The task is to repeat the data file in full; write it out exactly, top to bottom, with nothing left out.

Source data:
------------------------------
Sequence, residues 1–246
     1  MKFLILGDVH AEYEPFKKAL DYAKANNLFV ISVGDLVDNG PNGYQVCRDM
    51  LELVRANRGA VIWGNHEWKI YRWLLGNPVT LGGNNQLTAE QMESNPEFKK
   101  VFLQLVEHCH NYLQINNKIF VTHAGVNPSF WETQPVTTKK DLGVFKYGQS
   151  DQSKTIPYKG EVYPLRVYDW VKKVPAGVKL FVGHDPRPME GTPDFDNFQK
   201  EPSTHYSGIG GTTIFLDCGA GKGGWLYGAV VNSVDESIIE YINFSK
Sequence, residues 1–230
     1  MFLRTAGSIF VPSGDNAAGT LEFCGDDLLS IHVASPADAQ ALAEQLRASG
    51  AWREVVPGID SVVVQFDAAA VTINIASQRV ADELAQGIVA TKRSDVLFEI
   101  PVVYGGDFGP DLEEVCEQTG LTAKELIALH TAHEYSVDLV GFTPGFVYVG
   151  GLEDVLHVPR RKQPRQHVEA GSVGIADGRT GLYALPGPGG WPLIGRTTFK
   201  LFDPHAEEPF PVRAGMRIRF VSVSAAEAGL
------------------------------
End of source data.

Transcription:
Sequence, residues 1–246
     1  MKFLILGDVH AEYEPFKKAL DYAKANNLFV ISVGDLVDNG PNGYQVCRDM
    51  LELVRANRGA VIWGNHEWKI YRWLLGNPVT LGGNNQLTAE QMESNPEFKK
   101  VFLQLVEHCH NYLQINNKIF VTHAGVNPSF WETQPVTTKK DLGVFKYGQS
   151  DQSKTIPYKG EVYPLRVYDW VKKVPAGVKL FVGHDPRPME GTPDFDNFQK
   201  EPSTHYSGIG GTTIFLDCGA GKGGWLYGAV VNSVDESIIE YINFSK
Sequence, residues 1–230
     1  MFLRTAGSIF VPSGDNAAGT LEFCGDDLLS IHVASPADAQ ALAEQLRASG
    51  AWREVVPGID SVVVQFDAAA VTINIASQRV ADELAQGIVA TKRSDVLFEI
   101  PVVYGGDFGP DLEEVCEQTG LTAKELIALH TAHEYSVDLV GFTPGFVYVG
   151  GLEDVLHVPR RKQPRQHVEA GSVGIADGRT GLYALPGPGG WPLIGRTTFK
   201  LFDPHAEEPF PVRAGMRIRF VSVSAAEAGL